I’ve grown used to sullen light at last; I like it.
I hope for another storm, another white-blue private affair.
But south-facing slopes are starting to melt, and the sun is lingering
around the back door until suppertime, waiting for handouts.
Skunks are certainly starting to think about breeding. I can feel
their shushing waddle at night at the compost bin,
pulling striped hoodies over heads, perfecting invisible scavenging.
Up here in February, land is known to the fox: they are stealth and zigzag,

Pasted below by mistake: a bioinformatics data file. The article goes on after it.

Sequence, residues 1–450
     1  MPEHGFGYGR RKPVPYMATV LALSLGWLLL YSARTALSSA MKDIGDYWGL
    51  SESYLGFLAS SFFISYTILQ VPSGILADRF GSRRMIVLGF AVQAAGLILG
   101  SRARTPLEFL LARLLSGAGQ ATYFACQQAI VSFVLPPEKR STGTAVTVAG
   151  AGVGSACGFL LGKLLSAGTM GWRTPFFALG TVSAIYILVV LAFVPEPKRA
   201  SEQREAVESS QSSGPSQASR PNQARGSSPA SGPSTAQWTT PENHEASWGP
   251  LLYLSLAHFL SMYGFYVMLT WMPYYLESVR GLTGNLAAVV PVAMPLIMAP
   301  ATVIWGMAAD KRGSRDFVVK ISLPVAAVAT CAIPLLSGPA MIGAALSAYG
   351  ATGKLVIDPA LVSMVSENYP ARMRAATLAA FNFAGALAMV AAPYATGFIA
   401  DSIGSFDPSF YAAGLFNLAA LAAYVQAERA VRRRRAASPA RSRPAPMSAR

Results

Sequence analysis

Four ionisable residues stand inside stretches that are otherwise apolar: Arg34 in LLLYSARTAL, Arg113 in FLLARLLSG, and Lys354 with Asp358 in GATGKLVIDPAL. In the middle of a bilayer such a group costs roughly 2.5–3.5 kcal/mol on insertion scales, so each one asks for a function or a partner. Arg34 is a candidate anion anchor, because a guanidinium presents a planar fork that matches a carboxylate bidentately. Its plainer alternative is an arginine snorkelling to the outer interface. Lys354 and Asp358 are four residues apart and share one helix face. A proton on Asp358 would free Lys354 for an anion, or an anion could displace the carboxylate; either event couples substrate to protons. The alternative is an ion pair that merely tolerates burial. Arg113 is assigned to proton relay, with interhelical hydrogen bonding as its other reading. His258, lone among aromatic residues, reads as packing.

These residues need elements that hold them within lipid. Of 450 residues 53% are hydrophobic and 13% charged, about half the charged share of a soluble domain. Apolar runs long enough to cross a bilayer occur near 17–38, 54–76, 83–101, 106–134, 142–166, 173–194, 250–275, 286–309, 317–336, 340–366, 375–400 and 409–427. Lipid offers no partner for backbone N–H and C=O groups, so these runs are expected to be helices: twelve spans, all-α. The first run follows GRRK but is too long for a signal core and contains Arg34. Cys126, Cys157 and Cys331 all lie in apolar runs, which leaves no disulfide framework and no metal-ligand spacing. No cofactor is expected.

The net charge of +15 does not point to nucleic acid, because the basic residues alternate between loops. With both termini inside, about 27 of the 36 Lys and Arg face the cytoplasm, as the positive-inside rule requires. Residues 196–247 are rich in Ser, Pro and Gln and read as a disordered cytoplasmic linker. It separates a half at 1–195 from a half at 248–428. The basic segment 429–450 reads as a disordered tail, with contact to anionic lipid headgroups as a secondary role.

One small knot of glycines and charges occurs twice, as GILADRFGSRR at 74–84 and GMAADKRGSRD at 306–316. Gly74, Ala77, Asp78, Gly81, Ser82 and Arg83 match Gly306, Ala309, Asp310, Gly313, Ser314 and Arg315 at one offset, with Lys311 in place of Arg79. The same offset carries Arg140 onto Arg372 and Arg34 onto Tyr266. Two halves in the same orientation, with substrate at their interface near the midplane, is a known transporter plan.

moving through woods with parallel gravity.
I might be the fox. I move horizontal to horizon,
crouching low to scrabble through brambles for spring.
Still, snow blankets wind and smothers it.
I hold snow-white pillows over my head to block the wind,
but I can breathe under the snow.
The ice is known to deer: they paw out on ponds to see what gives.
Cold frozen light will give way to streams, and to the fox
that makes haste through forests. Whatever winter is, it isn’t progress.
It’s a shortcut back to the first cold beginnings.